I know the meaning and usage of the phrases "rather than" or "would rather", but how to explain the sentence "the contrary is rather to be supposed"? And how to use the phrase "rather to"?

It would be better if someone can explain it in Chinese and give some examples.


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    I'm not going to explain it in Chinese (i think you want a Chinese language forum for that) but another way to write that fragment would be "the contrary is to be supposed instead" or "the contrary is instead to be supposed". So, "rather" is synonymous with "instead" in this specific context. – Max Williams May 11 '16 at 8:17
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    You'll understand more easily when you realize that "to" goes with "be" rather than with "rather." You could also say, rather, the contrary is to be supposed. – phoog May 11 '16 at 8:28

Q. "Which bananas would you like?"

A1. "I'd rather have the yellow ones than the green ones."
A2. "The yellow ones rather than the green (ones).

Rather + than signals that a positive and negative preference are in apposition. But rather's location doesn't help you decide which one is which. It can be rather this than that or this rather than that where than signals the negative. The two have a slightly different aspect because rather tends to subordinate the clause it is attached to, so either the positive or the negative statement can be subordinated.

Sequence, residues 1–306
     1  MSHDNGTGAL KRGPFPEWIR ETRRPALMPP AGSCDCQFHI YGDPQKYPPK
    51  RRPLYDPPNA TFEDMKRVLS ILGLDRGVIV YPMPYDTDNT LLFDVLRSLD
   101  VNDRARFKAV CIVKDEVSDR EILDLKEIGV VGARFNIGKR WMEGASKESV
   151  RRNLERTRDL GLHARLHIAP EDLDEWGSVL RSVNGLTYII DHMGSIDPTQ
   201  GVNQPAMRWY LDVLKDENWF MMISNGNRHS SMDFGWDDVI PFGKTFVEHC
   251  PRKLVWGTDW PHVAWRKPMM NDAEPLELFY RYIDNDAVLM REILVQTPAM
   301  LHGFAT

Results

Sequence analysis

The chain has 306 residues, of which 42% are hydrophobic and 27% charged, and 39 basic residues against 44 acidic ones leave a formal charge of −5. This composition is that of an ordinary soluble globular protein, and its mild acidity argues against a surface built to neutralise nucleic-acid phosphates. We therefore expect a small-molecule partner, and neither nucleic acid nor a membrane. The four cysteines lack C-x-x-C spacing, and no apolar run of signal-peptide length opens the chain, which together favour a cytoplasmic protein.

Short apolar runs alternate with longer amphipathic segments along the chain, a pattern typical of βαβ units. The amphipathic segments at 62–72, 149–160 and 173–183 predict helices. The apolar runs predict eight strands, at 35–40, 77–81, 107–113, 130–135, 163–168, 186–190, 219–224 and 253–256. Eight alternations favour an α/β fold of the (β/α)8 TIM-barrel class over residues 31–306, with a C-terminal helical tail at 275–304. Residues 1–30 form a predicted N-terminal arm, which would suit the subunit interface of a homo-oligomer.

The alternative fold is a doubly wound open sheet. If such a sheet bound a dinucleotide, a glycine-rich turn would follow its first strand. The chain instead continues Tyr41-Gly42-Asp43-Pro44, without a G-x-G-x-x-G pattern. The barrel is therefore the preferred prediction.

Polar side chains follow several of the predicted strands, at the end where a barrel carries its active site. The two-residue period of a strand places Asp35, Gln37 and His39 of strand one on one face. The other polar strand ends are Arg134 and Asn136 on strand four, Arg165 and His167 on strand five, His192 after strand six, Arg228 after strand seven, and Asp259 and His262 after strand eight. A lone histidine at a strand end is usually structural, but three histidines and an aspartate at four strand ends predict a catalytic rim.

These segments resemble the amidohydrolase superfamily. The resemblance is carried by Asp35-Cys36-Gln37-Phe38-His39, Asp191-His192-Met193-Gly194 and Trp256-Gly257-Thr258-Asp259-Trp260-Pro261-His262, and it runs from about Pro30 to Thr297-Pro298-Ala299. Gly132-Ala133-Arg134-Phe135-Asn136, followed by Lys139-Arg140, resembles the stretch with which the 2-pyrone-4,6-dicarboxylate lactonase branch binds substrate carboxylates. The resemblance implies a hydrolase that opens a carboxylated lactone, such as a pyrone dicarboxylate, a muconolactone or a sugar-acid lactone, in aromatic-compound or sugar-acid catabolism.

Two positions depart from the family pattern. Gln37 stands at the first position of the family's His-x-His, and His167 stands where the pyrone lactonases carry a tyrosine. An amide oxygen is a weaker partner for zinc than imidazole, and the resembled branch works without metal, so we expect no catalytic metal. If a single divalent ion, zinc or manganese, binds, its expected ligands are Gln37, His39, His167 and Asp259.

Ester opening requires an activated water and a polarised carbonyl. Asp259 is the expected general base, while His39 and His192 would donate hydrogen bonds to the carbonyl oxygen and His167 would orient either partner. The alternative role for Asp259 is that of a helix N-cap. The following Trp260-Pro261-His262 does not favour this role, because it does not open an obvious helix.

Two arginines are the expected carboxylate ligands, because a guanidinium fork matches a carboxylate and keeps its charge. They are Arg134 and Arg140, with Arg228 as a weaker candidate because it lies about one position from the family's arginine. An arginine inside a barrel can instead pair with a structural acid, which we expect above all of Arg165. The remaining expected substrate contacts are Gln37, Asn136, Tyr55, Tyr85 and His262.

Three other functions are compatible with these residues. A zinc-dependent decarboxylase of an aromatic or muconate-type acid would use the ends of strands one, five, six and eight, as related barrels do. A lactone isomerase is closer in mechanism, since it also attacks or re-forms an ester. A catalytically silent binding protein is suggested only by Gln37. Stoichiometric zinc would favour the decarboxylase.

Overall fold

Q. "Do we really think anything will change after the election?"

A. "The contrary is rather to be supposed"

The answer unpacks as "You should rather suppose the contrary viewpoint than the stated one." It is a stilted way of suggesting that if history is any guide, you would be better off taking the other side of the bet. And being subordinated, it begs to be followed by some sort of justification. That is most likely it's true purpose - to be used as part of a rhetorical device which both establishes a (false?) dichotomy and prepares the audience for a particular argument.


Rather here means preferable. There apparently is some proposition P under consideration, and the writer is saying that it is preferable to assume the opposite ("the contrary"), that is, to assume not P.

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